Biomaterials, including non-biodegradable and biodegradable polymers, and collagen and fibrin matrices, have been used in experimental and clinical arterial reconstruction. While these biomaterials exhibit various characteristics suitable for arterial reconstruction, the patency of biomaterial-based arterial substitutes remains problematic because of inflammation and thrombogenesis. Endothelial cell seeding of biomaterials has been proposed and used for reducing the thrombogenicity of biomaterials. However, difficulties in cell retention hamper the application of such an approach. Although autogenous vein grafts offer satisfactory results, not all patients possess veins available for arterial replacements. Thus, a critical issue in arterial reconstruction is developing arterial substitutes that are inflammation/thrombosis-resistant while possessing the characteristics of natural arteries. Here we show that allogenic vascular elastic laminae exhibit anti-inflammatory properties and may be considered a potential material for arterial reconstruction. In this article, we briefly review the composition, structure, and function of vascular elastic laminae, summarize recent discoveries on the role of elastic laminae in regulating leukocyte adhesion and vascular smooth muscle cell proliferation and migration, and discuss potential applications of allogenic elastic laminae to arterial reconstruction.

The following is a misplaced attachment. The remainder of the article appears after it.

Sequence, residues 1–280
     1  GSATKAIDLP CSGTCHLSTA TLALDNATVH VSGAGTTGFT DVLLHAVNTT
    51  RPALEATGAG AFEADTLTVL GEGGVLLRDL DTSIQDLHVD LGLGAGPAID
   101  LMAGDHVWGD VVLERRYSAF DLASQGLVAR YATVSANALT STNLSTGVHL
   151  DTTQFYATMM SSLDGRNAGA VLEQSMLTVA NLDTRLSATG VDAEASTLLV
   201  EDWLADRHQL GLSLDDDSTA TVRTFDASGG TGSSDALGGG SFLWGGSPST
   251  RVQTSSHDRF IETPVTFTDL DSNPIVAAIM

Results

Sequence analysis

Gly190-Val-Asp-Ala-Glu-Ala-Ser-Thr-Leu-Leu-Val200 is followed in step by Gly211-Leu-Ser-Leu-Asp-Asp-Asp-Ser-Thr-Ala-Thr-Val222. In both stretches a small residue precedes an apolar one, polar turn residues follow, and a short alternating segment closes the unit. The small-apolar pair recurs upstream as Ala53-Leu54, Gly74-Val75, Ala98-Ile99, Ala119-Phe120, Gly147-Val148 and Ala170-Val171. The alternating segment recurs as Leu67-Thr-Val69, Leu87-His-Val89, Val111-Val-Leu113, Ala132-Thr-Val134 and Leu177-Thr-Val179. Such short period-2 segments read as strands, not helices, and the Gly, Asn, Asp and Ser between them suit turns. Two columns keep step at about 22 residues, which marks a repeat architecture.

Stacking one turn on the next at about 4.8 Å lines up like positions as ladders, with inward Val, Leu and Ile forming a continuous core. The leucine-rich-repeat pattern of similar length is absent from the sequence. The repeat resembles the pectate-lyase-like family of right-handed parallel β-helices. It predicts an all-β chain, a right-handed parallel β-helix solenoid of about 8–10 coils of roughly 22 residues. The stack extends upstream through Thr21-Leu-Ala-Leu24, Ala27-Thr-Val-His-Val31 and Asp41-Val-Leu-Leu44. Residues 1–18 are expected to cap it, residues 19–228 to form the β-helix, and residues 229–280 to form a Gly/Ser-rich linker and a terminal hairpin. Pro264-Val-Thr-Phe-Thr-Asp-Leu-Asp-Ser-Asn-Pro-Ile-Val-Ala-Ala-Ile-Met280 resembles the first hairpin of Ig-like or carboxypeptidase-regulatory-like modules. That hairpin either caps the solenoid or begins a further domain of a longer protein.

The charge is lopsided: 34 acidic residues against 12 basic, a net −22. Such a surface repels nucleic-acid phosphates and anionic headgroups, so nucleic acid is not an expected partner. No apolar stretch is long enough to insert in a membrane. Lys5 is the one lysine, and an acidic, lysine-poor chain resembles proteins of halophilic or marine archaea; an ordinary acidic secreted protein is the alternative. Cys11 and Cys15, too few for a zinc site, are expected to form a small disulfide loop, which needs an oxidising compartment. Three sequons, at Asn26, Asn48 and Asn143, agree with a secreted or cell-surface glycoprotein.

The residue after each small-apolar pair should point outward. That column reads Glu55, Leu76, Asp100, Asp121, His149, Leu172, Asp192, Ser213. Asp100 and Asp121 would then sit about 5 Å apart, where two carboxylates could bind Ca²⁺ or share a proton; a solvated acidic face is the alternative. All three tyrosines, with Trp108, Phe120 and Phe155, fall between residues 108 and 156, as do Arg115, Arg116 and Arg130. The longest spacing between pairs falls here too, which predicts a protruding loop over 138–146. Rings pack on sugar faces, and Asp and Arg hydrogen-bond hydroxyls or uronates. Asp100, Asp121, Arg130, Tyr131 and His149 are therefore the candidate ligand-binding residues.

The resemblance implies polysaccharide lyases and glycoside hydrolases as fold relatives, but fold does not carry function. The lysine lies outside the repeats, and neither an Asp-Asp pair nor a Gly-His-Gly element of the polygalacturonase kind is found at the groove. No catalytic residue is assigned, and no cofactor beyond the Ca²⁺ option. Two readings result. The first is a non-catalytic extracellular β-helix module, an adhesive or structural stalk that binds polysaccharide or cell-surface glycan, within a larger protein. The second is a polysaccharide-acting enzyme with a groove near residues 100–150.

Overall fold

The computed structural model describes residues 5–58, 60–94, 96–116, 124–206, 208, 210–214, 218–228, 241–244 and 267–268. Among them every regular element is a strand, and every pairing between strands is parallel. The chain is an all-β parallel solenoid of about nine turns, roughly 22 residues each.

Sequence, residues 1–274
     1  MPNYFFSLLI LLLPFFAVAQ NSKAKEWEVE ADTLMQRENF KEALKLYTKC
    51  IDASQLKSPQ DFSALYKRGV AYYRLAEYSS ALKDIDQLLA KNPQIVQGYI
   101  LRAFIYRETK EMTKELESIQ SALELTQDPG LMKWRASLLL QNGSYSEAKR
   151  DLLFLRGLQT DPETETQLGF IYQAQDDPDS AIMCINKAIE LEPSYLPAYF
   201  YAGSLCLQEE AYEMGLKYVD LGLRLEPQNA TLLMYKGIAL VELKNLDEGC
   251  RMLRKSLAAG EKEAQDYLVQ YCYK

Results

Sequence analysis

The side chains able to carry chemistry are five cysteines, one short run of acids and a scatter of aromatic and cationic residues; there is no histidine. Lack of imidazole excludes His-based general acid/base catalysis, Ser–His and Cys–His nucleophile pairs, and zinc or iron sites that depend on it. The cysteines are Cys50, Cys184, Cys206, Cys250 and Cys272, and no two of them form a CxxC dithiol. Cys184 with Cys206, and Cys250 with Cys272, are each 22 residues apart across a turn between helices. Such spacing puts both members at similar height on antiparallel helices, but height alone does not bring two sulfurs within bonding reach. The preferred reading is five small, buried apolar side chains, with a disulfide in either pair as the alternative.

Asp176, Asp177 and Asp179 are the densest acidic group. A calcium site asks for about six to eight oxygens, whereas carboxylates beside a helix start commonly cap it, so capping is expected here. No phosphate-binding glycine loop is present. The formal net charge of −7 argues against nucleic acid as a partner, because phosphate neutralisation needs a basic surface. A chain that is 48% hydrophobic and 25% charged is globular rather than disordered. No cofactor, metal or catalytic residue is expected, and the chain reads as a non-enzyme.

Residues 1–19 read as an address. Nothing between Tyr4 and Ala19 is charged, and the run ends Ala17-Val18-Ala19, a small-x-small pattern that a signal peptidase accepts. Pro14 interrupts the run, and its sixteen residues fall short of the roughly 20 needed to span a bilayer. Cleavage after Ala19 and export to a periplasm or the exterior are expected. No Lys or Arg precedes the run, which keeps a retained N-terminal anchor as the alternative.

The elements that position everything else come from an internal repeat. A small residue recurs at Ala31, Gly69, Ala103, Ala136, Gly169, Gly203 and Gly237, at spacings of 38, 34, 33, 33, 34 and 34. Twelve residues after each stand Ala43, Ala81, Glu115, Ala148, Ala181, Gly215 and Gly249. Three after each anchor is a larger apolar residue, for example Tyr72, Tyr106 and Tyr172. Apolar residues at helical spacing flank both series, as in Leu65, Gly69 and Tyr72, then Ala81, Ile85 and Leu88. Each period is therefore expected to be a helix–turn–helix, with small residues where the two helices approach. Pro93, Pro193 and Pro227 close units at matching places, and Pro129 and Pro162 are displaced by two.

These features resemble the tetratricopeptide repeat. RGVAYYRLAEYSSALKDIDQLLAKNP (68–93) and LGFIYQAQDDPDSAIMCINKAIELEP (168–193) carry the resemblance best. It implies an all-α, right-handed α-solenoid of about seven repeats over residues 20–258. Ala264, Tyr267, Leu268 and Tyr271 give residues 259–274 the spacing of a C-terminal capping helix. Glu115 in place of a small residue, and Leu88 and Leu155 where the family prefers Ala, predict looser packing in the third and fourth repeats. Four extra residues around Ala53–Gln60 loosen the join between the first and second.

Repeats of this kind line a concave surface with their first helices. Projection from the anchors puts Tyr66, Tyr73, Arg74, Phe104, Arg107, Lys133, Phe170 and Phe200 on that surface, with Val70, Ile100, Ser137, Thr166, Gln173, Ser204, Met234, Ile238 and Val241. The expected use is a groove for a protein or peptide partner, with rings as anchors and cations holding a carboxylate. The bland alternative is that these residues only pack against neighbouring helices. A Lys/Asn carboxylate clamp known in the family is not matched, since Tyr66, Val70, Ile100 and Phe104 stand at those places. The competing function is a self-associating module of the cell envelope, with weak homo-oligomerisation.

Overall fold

|Journal||Frontiers in Bioscience|
|State||Published - 2004|